Thyroid hormones

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Thyroid hormones

Properties and mechanism of action

The thyroid gland produces two metabolically active hormones: tetraiodothyronine (thyroxine, T4) and triiodothyronine (T3). Thyroxine converts (primarily in the liver and kidneys) to T3 that has stronger effects.

Thyroid hormones have an important function in the regulation of normal growth, development, metabolism, body temperature, and blood circulation. Thyroid hormones affect the metabolism of fats, proteins and carbohydrates; temperature regulation; and the maintenance of the water-electrolyte balance.

Thyroid hormone insufficiency (for example deficient thyroid-gland activity or hypothyreosis) leads to the retardation of metabolism, growth and development. T4 (levothyroxine) is a prescription drug that is used for the treatment of hypothyreosis. The dosage is individual-based.

The effect of excessive thyroid hormones is accelerated metabolism (becoming thinner), anxiety, mental imbalance and sometimes heart arrhythmias. An excessive effect can appear, for example, if a healthy person uses a drug that contains thyroid hormones or if the drug dosages of a person suffering from hypothyreosis are increased too quickly.

Abuse

The aim is to shape body composition using thyroid hormones to accelerate metabolism and burn body fat [1].

Adverse effects

In patients who suffer from hypothyreosis, thyroid hormone drugs have mainly positive effects as long as the dosage is not increased too quickly and is not oversized, in which cases symptoms that are similar to hyperthyreosis appear, such as heart palpitation, arrhythmias, diarrhea, emaciation, decrease in temperature tolerance, insomnia, agitation, and even psychoses [2, 3].

For people with latent heart diseases, adverse heart related effects (arrhythmias, heart infarct) can be perilous [4]. Before starting a thyroid gland treatment, the doctor should carefully review the patient’s health including the functioning of the heart. The risks related to the treatment can thus be determined.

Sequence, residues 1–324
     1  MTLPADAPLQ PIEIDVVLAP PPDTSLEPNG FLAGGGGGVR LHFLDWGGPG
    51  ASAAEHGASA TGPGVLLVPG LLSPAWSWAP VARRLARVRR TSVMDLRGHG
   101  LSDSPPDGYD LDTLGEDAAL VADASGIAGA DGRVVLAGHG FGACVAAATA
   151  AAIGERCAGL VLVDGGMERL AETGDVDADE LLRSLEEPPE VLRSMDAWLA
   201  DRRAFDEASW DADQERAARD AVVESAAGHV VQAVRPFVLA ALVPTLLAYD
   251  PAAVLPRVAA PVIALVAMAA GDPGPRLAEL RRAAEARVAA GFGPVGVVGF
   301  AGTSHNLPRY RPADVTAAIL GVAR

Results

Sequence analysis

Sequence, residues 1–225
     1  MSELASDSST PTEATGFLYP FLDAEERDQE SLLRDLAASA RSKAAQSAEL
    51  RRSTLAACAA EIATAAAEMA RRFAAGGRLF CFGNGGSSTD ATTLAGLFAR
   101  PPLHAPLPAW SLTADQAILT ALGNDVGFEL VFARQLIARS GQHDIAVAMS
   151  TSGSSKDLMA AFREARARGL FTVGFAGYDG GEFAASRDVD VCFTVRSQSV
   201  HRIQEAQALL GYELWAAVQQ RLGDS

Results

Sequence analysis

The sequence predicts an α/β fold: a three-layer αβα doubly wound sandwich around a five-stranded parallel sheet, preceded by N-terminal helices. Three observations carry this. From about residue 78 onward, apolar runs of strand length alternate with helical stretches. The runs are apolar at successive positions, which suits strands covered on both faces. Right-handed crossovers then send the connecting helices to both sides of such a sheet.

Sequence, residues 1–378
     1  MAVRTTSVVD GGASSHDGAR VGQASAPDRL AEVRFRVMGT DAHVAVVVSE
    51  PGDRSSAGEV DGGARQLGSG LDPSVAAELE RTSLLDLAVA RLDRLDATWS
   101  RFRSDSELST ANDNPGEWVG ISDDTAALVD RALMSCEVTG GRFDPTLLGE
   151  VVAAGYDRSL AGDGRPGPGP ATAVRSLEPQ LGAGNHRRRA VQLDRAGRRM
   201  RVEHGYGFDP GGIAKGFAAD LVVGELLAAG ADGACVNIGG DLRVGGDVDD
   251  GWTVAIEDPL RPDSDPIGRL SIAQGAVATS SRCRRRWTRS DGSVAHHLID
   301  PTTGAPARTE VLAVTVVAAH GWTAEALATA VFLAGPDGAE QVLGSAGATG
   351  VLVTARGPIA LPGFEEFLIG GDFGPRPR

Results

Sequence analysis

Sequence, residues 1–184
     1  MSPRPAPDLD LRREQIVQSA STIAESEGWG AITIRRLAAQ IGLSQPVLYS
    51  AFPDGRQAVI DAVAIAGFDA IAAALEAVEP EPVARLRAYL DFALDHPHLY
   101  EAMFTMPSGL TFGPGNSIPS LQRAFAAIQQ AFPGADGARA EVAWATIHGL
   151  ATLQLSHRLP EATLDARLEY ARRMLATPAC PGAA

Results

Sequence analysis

Prolonged thyroxine overdosing increases the risk of osteoporosis. Perilous agranulocytosis (lowered white blood cell count) is found in 0.1 to 0.5 percent of patients [5].

Acute large thyroxine doses lead to thyrotoxicosis. The symptoms are high body temperature, failing heart functioning and coma [6]. Overdosing of thyroid gland hormones have led to deaths.

Timo Seppälä
Medical Director
The Finnish Antidoping Agency FINADA

[1] McKillop (1987): Drug abuse in body builders in the West of Scotland. Scottish Medical Journal 32(2): 39–41.

[2] Barczyński, Thor, Słowiaczek & Pitala (2000): The role of the autonomic nervous system on malfunction of gastric motor and myoelectric activity in patients with hyperthyroidism. Folia Medica Cracoviensia 41(3–4): 87–112.

[3] Hepp (1978): Psychiatric and neurologic disturbances in thyroid disorders. Wiener Klinische Wochenschrift Suppl. 94: 14–6.

[4] Nagele, Hörmann & Nagele (2009): First case study of periodic hypokalemic thyreotoxic paresis with partial respiratory insufficiency and concomitant sinus bradycardia. Wiener Medizinische Wochenschrift 159(5–6): 156–9.

[5] Bartalena, Bogazzi & Martino (1996): Adverse effects of thyroid hormone preparations and antithyroid drugs. Drug Safety 15(1): 53–63.

[6] de Luis, Abad, Aller, González-Sagrado & Dueñas (2004): Levothyroxine poisoning: clinical manifestations and therapeutic management. Anales de Medicina Interna 21(1): 39–41.

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